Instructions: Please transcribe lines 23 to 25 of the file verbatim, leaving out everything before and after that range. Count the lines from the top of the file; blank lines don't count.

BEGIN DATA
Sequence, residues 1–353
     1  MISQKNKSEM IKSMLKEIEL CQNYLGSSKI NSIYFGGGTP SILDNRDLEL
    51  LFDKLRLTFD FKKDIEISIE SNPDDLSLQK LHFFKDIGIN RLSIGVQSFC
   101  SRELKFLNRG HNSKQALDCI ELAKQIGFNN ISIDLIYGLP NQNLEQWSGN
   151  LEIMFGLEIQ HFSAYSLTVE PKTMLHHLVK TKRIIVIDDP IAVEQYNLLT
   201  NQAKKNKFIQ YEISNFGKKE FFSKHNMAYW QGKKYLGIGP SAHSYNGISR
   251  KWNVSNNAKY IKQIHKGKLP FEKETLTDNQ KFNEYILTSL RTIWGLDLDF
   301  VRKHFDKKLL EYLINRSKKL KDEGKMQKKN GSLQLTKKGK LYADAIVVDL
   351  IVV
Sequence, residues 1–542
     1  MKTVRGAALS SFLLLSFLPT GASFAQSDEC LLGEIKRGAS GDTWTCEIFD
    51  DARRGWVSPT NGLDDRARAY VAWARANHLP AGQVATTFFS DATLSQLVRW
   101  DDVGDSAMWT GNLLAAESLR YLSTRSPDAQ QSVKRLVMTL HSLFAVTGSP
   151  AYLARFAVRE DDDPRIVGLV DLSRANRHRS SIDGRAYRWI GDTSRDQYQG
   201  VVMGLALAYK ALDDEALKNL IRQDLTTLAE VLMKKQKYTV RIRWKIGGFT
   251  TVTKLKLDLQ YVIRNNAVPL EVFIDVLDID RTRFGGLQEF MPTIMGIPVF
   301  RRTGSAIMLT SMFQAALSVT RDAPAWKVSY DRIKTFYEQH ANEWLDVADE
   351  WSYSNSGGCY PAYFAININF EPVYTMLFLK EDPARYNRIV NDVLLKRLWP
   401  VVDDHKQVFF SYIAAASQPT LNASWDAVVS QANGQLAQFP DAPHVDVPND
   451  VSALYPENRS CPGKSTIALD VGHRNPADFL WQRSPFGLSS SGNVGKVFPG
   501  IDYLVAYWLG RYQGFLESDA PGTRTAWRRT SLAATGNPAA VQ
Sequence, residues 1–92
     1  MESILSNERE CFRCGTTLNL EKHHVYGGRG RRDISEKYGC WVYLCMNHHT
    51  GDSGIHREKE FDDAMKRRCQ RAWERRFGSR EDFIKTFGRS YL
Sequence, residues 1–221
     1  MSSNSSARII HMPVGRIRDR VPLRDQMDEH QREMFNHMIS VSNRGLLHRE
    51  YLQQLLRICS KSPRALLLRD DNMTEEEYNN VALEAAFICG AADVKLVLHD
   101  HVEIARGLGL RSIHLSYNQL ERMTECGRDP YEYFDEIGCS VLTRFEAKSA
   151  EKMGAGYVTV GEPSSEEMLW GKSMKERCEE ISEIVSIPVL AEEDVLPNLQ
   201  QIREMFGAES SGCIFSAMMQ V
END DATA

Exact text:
     1  MESILSNERE CFRCGTTLNL EKHHVYGGRG RRDISEKYGC WVYLCMNHHT
    51  GDSGIHREKE FDDAMKRRCQ RAWERRFGSR EDFIKTFGRS YL
Sequence, residues 1–221